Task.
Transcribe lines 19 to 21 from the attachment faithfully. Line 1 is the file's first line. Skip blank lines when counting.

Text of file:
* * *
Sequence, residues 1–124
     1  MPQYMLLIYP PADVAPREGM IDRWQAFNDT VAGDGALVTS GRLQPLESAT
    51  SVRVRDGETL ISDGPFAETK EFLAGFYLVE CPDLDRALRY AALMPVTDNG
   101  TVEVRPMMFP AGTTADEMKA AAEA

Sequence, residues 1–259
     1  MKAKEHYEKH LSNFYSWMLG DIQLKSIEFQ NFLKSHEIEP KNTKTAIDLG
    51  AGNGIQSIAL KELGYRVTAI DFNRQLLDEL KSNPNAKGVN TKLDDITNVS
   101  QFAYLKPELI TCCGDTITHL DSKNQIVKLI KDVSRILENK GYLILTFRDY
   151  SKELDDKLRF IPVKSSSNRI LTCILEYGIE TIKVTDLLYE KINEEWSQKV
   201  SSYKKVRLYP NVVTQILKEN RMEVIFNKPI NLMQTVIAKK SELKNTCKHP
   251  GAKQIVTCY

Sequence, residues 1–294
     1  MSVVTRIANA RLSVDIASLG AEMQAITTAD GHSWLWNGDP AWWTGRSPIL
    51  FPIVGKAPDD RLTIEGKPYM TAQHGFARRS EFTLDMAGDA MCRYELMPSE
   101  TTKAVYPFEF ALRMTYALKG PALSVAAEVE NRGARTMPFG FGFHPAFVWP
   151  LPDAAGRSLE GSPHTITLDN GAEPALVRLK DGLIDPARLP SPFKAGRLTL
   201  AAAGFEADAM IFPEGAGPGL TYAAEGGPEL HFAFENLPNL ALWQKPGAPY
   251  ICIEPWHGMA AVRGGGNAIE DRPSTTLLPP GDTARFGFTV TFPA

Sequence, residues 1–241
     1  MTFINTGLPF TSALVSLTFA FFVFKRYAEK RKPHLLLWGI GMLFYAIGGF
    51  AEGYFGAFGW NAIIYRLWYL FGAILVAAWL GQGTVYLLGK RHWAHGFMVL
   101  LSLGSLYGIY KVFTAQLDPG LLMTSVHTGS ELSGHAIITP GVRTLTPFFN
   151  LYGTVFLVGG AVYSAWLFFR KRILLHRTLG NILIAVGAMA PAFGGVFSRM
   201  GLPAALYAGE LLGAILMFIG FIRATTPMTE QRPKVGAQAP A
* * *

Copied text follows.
Sequence, residues 1–241
     1  MTFINTGLPF TSALVSLTFA FFVFKRYAEK RKPHLLLWGI GMLFYAIGGF
    51  AEGYFGAFGW NAIIYRLWYL FGAILVAAWL GQGTVYLLGK RHWAHGFMVL